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DHS news release

Oct. 14, 2005


Contact: Bonnie Widerburg (971) 673-1282

Technical contacts: Lisa Millet, DHS (971) 673-1059

Chris Matthews, Sen. Gordon Smith's office (202) 224-3753


Oregon youth suicide prevention bolstered by $550,000 federal grants



Youth suicide prevention efforts in Oregon have gotten a significant boost through three new grants amounting to $550,000 from the federal Substance Abuse and Mental Health Services Administration (SAMSHA).


The new dollars will build programs that will enhance current suicide education and prevention efforts already underway, according to Mel Kohn, M.D., state epidemiologist who oversees the statewide youth suicide prevention program in the Oregon Department of Human Services (DHS).


SAMSHA administers the grants, which were made possible by the Garrett Lee Smith Memorial Act named for Sen. Gordon Smith's son.


"Every dollar that helps heal those battling life-threatening depression brings us closer to saving our children and families," Senator Smith , R-Oregon, said. "These awards will complement the activities of Oregon's state youth suicide prevention progam and provide resources to build on existing efforts at the local level."


The grants are:

  • $150,000 for campus-based prevention activities. Of that, $75,000 will go to a coalition of eight state universities led by Robin Holmes at the University of Oregon and $75,000 will go to Blue Mountain Community College.For more information contact Robin Holmes, University of Oregon (541) 346-3221 and Susan Plass, Blue Mountain Community College at (541) 278-5838.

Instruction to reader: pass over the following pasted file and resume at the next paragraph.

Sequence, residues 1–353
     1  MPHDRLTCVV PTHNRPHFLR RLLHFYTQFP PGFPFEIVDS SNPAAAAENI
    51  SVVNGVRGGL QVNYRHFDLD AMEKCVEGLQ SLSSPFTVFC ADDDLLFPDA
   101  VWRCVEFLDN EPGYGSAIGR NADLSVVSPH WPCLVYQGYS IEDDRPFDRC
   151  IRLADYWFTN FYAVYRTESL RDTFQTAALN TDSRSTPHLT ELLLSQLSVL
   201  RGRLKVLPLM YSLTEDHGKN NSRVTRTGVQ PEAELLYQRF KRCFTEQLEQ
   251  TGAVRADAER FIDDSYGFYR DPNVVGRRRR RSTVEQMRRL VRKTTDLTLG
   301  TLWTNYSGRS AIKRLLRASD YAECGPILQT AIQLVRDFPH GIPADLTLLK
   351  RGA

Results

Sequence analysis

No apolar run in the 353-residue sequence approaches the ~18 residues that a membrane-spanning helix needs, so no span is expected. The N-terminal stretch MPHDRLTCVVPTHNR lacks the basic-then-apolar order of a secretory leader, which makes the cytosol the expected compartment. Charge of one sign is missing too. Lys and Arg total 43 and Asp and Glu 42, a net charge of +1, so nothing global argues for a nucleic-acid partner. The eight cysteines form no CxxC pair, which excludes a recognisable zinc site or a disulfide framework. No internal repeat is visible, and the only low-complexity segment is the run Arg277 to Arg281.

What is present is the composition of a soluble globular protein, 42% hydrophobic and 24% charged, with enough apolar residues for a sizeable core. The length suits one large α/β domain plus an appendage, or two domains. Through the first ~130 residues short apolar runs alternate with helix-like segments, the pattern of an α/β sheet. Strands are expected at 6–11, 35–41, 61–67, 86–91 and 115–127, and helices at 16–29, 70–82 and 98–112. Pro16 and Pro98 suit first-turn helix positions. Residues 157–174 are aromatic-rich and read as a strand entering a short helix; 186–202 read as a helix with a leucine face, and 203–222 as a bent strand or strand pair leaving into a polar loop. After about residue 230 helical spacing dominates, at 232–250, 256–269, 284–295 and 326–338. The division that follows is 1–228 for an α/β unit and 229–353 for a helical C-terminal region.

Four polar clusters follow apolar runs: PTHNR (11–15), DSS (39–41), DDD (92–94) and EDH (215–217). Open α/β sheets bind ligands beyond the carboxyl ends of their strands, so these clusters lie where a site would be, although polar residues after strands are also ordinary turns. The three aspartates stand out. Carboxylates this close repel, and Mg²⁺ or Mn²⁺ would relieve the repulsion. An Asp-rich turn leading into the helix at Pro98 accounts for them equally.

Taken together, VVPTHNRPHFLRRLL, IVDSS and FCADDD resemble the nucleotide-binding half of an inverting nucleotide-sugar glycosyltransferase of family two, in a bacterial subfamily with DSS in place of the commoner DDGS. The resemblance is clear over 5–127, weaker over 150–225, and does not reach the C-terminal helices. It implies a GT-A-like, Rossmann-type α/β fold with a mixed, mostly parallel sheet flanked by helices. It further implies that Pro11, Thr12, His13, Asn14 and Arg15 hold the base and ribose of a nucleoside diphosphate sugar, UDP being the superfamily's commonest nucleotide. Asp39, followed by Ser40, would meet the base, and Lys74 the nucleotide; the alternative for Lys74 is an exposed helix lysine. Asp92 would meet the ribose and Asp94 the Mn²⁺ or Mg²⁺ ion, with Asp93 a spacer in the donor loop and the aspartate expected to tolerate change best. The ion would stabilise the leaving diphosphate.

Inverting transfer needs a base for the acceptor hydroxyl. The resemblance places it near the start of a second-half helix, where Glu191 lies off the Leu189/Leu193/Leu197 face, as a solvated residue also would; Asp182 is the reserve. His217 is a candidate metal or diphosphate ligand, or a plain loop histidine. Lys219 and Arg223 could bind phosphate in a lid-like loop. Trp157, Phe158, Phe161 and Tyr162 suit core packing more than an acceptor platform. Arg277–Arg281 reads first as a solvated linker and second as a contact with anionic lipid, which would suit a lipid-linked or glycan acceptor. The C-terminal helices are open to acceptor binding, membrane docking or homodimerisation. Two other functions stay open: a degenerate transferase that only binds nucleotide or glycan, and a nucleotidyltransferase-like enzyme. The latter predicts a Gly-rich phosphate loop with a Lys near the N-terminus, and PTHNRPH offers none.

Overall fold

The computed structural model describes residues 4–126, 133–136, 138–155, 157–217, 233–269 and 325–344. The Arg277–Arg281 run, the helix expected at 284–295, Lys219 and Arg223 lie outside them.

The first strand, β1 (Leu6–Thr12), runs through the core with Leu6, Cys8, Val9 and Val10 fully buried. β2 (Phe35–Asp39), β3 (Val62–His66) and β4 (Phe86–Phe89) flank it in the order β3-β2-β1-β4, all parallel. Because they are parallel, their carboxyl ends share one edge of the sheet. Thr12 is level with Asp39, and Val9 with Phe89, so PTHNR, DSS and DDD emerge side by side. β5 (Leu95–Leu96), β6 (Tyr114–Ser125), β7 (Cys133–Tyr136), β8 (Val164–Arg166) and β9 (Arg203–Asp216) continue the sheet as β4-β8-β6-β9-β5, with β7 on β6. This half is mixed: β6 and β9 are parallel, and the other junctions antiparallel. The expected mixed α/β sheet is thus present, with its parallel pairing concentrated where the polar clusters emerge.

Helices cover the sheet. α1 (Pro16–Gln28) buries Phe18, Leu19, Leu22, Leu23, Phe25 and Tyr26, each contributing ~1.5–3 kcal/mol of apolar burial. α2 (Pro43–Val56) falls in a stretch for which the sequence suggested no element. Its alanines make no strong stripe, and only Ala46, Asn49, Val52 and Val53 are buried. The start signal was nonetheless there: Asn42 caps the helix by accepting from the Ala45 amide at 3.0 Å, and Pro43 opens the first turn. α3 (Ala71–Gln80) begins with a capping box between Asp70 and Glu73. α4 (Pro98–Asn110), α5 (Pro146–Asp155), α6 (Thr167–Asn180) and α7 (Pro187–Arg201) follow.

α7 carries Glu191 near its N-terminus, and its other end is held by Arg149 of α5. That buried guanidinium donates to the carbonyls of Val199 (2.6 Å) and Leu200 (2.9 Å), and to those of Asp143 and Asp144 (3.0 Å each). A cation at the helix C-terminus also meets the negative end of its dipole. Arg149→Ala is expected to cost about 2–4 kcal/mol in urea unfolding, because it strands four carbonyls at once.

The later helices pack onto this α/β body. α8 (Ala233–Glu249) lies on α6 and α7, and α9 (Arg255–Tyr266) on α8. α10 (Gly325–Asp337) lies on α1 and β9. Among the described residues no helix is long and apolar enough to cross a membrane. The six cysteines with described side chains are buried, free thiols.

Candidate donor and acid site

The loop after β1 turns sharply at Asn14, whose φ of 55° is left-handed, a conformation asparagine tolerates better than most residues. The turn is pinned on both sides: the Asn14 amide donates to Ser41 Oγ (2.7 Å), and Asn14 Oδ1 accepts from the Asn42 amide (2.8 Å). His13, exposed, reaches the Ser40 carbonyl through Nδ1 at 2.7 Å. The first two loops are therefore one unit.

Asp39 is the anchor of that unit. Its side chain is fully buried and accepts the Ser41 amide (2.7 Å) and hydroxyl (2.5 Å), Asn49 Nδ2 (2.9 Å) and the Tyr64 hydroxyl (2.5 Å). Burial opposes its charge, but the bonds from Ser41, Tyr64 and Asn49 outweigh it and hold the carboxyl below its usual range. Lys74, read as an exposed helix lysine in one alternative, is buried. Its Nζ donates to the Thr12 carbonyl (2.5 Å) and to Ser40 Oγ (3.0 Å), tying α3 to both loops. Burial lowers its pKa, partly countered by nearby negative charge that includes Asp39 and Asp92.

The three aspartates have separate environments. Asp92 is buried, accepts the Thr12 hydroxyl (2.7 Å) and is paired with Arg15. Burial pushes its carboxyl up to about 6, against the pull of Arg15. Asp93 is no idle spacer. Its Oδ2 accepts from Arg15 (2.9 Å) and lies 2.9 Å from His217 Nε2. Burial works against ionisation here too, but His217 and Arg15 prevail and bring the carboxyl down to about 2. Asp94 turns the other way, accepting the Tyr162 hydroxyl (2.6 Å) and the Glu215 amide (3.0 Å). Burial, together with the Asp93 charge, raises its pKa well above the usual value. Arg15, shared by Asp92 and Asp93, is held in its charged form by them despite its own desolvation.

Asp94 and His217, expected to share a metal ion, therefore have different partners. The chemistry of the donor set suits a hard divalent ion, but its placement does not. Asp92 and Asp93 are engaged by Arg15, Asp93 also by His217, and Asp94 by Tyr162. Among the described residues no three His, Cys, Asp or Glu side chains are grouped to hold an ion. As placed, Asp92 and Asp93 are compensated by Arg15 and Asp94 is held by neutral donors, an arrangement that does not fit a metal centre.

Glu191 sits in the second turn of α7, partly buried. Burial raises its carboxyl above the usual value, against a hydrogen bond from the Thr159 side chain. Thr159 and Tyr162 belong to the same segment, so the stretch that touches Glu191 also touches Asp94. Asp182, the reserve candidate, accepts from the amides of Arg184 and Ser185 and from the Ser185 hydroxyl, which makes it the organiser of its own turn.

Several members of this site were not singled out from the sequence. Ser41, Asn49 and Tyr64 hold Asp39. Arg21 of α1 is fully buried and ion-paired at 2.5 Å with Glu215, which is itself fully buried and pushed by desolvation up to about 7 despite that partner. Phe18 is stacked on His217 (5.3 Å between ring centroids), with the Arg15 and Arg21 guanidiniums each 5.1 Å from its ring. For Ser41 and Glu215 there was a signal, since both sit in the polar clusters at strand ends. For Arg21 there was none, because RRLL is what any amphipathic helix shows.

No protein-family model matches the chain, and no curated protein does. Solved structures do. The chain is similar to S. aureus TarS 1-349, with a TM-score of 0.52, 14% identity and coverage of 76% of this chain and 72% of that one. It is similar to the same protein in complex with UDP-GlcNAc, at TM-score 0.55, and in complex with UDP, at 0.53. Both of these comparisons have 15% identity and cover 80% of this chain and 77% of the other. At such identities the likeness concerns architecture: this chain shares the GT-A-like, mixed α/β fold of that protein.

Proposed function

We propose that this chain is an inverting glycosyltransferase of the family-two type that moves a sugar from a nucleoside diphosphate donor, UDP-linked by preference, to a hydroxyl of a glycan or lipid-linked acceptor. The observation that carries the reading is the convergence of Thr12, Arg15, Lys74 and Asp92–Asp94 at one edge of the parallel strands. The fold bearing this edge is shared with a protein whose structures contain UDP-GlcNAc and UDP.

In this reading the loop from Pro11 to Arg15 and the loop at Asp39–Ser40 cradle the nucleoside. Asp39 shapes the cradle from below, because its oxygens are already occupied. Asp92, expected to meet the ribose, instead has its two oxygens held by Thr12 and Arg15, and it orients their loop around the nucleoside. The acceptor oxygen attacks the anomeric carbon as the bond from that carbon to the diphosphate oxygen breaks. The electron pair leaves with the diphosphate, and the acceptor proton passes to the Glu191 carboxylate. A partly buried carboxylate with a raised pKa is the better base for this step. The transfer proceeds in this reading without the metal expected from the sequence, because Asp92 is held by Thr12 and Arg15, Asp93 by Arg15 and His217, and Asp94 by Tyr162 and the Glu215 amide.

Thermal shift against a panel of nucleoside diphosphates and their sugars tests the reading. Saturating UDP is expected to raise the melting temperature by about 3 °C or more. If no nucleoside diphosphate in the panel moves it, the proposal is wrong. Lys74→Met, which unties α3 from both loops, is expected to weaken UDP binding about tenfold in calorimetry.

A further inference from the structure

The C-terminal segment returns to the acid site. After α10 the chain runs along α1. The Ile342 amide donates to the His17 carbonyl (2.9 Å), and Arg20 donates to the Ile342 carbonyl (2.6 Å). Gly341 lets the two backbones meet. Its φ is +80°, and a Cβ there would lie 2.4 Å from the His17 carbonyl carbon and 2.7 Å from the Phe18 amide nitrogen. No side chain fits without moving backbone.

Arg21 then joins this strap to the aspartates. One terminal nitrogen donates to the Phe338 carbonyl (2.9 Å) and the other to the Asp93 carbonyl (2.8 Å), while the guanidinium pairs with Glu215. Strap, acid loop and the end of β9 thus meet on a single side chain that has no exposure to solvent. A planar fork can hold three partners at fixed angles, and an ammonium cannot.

• $400,000 to the Native American Rehabilitation Association of the Northwest (NARA) program for suicide prevention among Native American youth. For more information contact Jackie Mercer, NARA, (503) 224-1044 ext. 227.


In December of 2000, DHS unveiled a statewide youth suicide prevention plan, developed through work with communities and national experts and based on best practices defined in professional literature. The plan emphasizes comprehensive approaches: public education, targeted health education, community-based intervention skills, social connection and educating primary care providers.


Kohn said the two new grants will fund programs that are based on strategies drawn from the statewide plan.


Youth suicide is the second leading cause of death among children and young adults ages 10-24. In 2003, DHS recorded 922 attempts treated in emergency departments across the state, Kohn said.


More youth suicide prevention resources are on the Web, including the statewide plan, at the DHS youth suicide prevention Web site.